This post is sponsored by Flat Iron Pepper Company.
Let me ask you this question - have you ever designed a meal around pepper flakes?
I am going to go out on a limb here and say you probably haven't.
Pepper flakes aren't usually something that you start with, they are something you end with. And why is that? Most of the time they are just there, generic red flakes in a generic shaker. Nearly every pizza joint will have them.
People love having them. But they aren't an ingredient that is ever the star of the show. Who goes to a pizza place and say man I enjoyed the pepper flakes. Maybe if the pizza was that bad.
As we love doing at this blog, we love to break the norm. I have designed a new Sous Vide chicken recipe all around pepper flakes. And not just an ordinary pepper flakes, these are the flakes from the Flatiron Pepper Company.
Man if they had these flakes in every pizza joint they could mask even the worst pizza - I am looking at you Domino's.
Flat Iron Pepper Company
Matt and Mike started the Flat Iron Pepper Company in 2017. They were tired of being disappointed by the pepper flakes that were available to them to put on their pizza. They wanted more than just heat, they wanted flavor and certainly those pepper shakers weren't providing any more flavor than the cardboard box the leftover pizza goes home in.
The idea behind their pepper flakes is to add flavor and heat without adding any salt or sugar. It's important as well that the heat doesn't just completely destroy the taste buds. They careful choose their mixture of peppers so that you can get the flavor and heat of the hotter ones without overwhelming you.
Most red pepper flakes are made from peppers like cayenne or other similar varieties. They often contain one or more types of peppers with a goal of reaching a certain level of heat. Flavor is often not accounted for.
Here are the 4 blends you can get from Flat Iron and what peppers they contain
Four Pepper Blend - Jalapeno, Ghost, Arbol, and Haberno
Hatch Valley Green - Jalapeno, Sandia, Big Jim, and Haberno
Dark and Smokey - Chipotle, Ancho, and Haberno
I Can't Feel My Face - Carolina Reaper, Mouruga Scorpion, Ghost, and Haberno
They recently added the "I Can't Feel My Face" blend as many customers were requesting wanted the super hot heat - not me!
I do love that they have a good balance of different types of mixes from the smokey to the super hot, to a green mix. When I taste and smell the Hatch Valley Green mix it does bring back some memories of smelling chilies being roasted at a farmer's market I once visited in Cheyenne, Wyoming.
How to Order Flat Iron Pepper Flakes
Why Sous Vide Chicken?
Time to talk about the perks of Sous Vide Chicken.
The biggest perk - Never overcook chicken again. If you have a Sous Vide precision cooker, you can always get chicken perfectly done without drying it out.
It's really a game changer, especially if this is something you struggle with this. I know a lot of people like the lean mean chicken breast, but that leanness means its super easy to render it dry as the desert.
When I do Sous Vide chicken I get it perfectly cooked. Then when I take it out it's ready to toss on the grill or in a frying pan to brown. This adds the flavor and if you do it really fast your chicken will still be perfectly moist.
I usually allow the chicken to rest before I brown it (brown food tastes good!)
What Temperature for Sous Vide Chicken?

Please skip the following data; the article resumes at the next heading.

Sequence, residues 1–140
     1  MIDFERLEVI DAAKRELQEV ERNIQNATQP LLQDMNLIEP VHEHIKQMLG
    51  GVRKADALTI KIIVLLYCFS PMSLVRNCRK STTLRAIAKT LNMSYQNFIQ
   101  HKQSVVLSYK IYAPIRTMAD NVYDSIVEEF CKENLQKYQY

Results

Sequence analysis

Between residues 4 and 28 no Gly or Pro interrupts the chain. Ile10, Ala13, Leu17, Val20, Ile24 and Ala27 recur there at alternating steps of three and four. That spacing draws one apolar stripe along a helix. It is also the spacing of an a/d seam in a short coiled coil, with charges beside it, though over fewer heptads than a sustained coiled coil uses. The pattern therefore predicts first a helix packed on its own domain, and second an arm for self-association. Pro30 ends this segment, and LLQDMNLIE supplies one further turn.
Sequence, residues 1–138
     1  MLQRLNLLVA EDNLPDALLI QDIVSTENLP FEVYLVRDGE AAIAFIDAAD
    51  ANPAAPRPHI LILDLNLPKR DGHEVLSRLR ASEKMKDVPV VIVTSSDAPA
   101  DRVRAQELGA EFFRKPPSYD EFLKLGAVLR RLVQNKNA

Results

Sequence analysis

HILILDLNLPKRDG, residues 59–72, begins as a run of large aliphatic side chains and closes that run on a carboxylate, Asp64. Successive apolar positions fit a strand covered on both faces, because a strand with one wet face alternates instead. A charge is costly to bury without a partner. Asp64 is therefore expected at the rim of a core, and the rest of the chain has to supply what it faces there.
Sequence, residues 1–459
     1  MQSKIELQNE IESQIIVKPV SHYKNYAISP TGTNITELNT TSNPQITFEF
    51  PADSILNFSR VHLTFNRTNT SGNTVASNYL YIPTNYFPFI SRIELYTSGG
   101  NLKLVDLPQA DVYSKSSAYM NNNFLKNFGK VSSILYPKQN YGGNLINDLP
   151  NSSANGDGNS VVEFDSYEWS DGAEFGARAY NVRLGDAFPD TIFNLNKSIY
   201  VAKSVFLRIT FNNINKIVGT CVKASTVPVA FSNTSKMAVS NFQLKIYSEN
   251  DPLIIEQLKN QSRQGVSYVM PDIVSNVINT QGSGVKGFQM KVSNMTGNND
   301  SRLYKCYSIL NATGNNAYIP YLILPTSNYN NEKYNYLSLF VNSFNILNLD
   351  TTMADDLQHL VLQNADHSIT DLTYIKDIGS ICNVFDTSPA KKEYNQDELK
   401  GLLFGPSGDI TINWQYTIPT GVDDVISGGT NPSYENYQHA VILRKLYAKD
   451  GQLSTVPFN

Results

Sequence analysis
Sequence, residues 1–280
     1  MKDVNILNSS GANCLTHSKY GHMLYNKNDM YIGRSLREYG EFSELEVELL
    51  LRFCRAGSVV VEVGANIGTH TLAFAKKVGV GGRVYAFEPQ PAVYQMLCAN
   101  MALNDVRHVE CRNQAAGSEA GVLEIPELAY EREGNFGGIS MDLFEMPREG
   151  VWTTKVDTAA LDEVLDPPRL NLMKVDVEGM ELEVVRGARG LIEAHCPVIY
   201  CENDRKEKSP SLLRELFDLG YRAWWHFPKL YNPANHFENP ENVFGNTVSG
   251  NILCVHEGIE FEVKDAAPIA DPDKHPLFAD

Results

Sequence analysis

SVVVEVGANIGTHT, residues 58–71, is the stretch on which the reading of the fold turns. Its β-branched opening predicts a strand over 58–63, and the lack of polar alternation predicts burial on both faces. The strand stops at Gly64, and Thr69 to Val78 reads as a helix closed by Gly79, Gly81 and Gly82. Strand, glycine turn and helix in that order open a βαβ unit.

The recommendation for cooking chicken is to 165 degrees. I set my Sous Vide for that and cook it for an hour.
You need to at least cook the chicken past 140 degrees. That gets it out of the bacterial danger zone and kills any particular baddies that could make you sick. Time is an issue as well. You need to hold the chicken at certain temperature for a particular amount of time to kill the bacteria.
Once you get to 165 mark the bacteria is dead as a door nail. If you can hold the chicken at a lower temperature for longer period of time you end up with a juicer piece of chicken. Something that is only really possible with the Sous Vide method.
For the sake of this recipe we are going stick to the traditional 165. There is a really great article over at Serious Eats talks of time and temperature if you are looking into exploring that more. They did a wonderful job.
The Creamy Pepper Flake Sauce
This recipe is really all about the sauce. I am a huge fan of pairing dairy based sauces with spice and heat. The cool and creamy and the hot and spicy are complimentary.
To create even more flavor, I use Mushroom Broth along with an equal part of whole milk. You can use chicken broth as well but I like the unami flavor the mushroom broth brings to the sauce.
The sauce is created throughout your basic roux - butter, flour and liquid. Melt the butter, cook the flour in the butter, and then add your liquid. Cook til thicken. It's what I do to make mac & cheese too.
If you don't have a Sous Vide cooker, you can still do this recipe. I recommend pounding the chicken out as thin as you can get it so it cooks fast in a fry pan.
Then make the pepper flake sauce like I do below.
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Sous Vide Chicken with Creamy Pepper Flake Sauce
- Place your chicken into a bag for Sous Vide cooking
- Set the temperature for 165 degrees for 1 hour.
- When finished remove the chicken from the bags and allow to cool for 10 minutes
- Heat up a sauce pan over medium high heat with 2-3 TBSP of cooking oil.
- Add the chicken. Cook until brown on both sides.
- Remove the chicken.
- Add butter to the frying pan to melt it.
- Whisk in the flour and pepper flakes.
- Add the mushroom broth and milk
- Bring to a simmer and stir until thick.
- Add salt and taste until salty enough for you.
- Serve over the chicken with additional peeper flakes to taste .